It was reported in late March that the NHS had been developing a contact-tracing app with an Oxford-based team since mid-January, encouraged by the success of a similar app in China.

The app, developed by NHSX – the health service’s digital transformation arm – with academic and industry partners is in advanced stages of evaluation and is weeks away from being ready to be deployed, the Guardian understands.

Around 60% of the adult population would need to sign up and engage with the app by registering their symptoms or positive test results for it to be effective. Their proximity to other users would be logged, and they would follow advice given in alerts to self-isolate – even in cases where they were not aware of having been in contact with someone infected.

It seems that, although initially the NHS said that it was "working with Apple and Google on their welcome support for tracing apps around the world", it decided ultimately to pursue a centralised approach, holding user data on a government/NHS database, rather than use the API developed by Google and Apple, which necessitates a decentralised approach.

The UK is once again bucking the trend in its quest to conquer the coronavirus as it opts not to use the framework created by Apple and Google for its NHS COVID-19 contact-tracing app.

Instead, NHSX — the digital arm of the nation's health organisation — is creating a centralised app that strays from the Apple-Google model.

NHS officials hope their app will provide better insight into the spread of COVID-19 and help flatten the curve of coronavirus infections.

According to Professor Chris Fraser, one of the epidemiologists advising NHSX, speaking to the BBC:

"One of the advantages is that it's easier to audit the system and adapt it more quickly as scientific evidence accumulates,"

"The principal aim is to give notifications to people who are most at risk of having got infected, and not to people who are much lower risk.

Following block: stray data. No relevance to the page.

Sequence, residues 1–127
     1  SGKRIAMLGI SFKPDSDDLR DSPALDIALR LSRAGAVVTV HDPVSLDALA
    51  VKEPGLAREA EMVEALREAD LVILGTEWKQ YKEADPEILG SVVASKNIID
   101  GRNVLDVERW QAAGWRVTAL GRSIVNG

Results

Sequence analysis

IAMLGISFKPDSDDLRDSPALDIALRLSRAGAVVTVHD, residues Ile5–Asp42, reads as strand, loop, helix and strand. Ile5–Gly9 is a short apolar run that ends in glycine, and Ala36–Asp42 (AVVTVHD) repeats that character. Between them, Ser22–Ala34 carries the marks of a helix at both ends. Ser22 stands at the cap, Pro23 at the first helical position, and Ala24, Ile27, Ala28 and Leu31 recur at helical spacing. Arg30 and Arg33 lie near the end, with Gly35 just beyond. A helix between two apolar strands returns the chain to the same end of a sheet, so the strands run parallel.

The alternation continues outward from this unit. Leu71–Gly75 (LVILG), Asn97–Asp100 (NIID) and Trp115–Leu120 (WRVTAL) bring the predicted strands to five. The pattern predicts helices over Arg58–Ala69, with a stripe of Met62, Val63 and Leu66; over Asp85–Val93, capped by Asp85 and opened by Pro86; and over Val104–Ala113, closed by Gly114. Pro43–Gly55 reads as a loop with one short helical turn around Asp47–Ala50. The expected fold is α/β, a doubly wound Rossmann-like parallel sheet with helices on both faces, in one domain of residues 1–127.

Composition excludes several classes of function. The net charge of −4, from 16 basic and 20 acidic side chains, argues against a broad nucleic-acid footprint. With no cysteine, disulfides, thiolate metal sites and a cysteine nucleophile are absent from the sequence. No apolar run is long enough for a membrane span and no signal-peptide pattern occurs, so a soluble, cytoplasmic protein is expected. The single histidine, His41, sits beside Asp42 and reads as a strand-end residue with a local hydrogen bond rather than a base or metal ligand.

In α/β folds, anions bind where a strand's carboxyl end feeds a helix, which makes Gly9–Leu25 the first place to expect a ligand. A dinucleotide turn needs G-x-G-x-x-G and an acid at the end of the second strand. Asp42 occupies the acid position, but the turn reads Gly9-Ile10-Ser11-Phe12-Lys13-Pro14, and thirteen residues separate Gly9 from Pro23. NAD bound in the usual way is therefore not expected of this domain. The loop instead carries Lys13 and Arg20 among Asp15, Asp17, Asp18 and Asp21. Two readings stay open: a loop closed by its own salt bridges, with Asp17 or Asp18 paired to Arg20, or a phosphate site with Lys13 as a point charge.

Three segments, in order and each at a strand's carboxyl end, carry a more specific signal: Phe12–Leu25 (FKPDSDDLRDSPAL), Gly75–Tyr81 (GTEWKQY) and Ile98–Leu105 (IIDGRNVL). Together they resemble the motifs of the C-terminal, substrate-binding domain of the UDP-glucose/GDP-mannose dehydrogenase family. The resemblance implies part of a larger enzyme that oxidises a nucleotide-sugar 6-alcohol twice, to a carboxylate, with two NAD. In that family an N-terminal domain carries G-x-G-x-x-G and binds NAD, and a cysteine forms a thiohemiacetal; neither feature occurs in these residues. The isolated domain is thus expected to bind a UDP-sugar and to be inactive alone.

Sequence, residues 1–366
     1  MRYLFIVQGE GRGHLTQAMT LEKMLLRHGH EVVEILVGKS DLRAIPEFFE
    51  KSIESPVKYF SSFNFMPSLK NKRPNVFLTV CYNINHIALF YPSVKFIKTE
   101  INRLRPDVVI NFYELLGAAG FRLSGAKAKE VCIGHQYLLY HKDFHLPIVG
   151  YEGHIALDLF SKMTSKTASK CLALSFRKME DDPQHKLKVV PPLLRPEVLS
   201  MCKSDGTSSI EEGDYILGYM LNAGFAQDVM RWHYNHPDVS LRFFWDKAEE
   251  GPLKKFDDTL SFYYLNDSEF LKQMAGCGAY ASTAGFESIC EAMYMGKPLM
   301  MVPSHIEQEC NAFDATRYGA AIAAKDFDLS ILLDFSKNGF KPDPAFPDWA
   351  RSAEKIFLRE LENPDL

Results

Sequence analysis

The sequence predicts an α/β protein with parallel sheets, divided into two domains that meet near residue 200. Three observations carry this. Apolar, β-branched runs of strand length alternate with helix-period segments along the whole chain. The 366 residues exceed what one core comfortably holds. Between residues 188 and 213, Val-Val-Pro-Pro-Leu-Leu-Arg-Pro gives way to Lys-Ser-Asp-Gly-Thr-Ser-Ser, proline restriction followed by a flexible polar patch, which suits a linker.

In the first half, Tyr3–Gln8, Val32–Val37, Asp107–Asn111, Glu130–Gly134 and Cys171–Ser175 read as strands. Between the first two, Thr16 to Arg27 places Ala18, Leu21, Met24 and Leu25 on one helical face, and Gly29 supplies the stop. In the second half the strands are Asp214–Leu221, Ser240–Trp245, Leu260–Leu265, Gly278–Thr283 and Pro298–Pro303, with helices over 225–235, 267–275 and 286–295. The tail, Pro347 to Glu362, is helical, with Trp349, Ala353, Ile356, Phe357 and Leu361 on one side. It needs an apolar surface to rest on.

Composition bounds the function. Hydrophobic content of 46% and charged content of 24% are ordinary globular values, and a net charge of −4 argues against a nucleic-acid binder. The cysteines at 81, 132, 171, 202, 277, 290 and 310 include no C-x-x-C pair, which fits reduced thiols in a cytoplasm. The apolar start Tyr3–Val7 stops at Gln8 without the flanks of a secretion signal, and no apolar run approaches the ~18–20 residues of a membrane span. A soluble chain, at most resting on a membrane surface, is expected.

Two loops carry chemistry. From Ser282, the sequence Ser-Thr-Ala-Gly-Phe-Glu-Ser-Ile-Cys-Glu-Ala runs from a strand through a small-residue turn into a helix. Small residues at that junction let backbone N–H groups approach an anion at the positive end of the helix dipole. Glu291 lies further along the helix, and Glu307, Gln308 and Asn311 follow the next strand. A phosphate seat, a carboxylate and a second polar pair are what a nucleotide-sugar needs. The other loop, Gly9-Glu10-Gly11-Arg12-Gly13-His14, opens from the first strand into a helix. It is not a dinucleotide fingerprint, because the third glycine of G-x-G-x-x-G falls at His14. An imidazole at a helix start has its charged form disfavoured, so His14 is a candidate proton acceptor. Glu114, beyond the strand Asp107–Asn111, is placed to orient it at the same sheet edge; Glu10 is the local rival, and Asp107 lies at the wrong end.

"It's probably easier to do that with a centralised system."

However, in the last week, the UK has now decided to instead pursue the Google/Apple decentralised approach after all:

Britain on Thursday said it would switch to Apple and Google technology for its test-and-trace app, ditching its current system in a U-turn for the troubled programme.

The government has been forced to abandon a centralised coronavirus contact-tracing app after spending three months and millions of pounds on technology that experts had repeatedly warned would not work.

In an embarrassing U-turn, Matt Hancock said the NHS would switch to an alternative designed by the US tech companies Apple and Google, which is months away from being ready.

What reasons have the Government/NHS given for scrapping the existing centralised application, and pursuing this new approach?

1 Answer 1


The Government says:

Following rigorous field testing and a trial on the Isle of Wight, we have identified challenges with both our app and the Google/Apple framework.

This is a problem that many countries around the world, like Singapore, are facing and in many cases only discovering them after whole population roll-out.


Through the systematic testing, a number of technical challenges were identified – including the reliability of detecting contacts on specific operating systems – which cannot be resolved in isolation with the app in its current form.

What they mean is they made two apps, one based on their preferred centralised approach and the other the plan B based on the Apple-Google API, due to fears the former wouldn't work.

A BBC article about the change in plan says:

The NHS has been testing both systems against each other, over the course of the past month.

The centralised version trialled on the Isle of Wight worked well at assessing the distance between two users, but was poor at recognising Apple's iPhones.

Specifically, the software registered about 75% of nearby Android handsets but only 4% of iPhones.

By contrast, the Apple-Google model logged 99% of both Android mobiles and iPhones. But its distance calculations were weaker.

In some instances, it could not differentiate between a phone in a user's pocket 1m (3.3ft) away and a phone in a user's hand 3m (9.8ft) away.

Experiments in Ireland have flagged a similar issue.

At the Downing Street briefing, Health Secretary Matt Hancock suggested the original plan might have worked had it not been for Apple's restrictions on third-party apps' use of Bluetooth.

I understand the UK Gov app required always-on Bluetooth for the precision. On Apple this only works if the app is in the foreground and the screen is kept on too. UK Gov wanted Apple to make an exception - Apple refused. I will try to find a source.

Also note some confusion (I alluded to above):

Baroness Harding added: "What we've done in really rigorously testing both our own Covid-19 app and the Google-Apple version is demonstrate that none of them are working sufficiently well enough to be actually reliable to determine whether any of us should self-isolate for two weeks [and] that's true across the world."

In response, Google noted that it and Apple had developed an application programming interface - a set of functions and procedures for others to build on - rather than a fully-fledged app.

The BBC's technology correspondent Rory Cellan-Jones wrote a good article about what went wrong.

The FT has a wider, European perspective.

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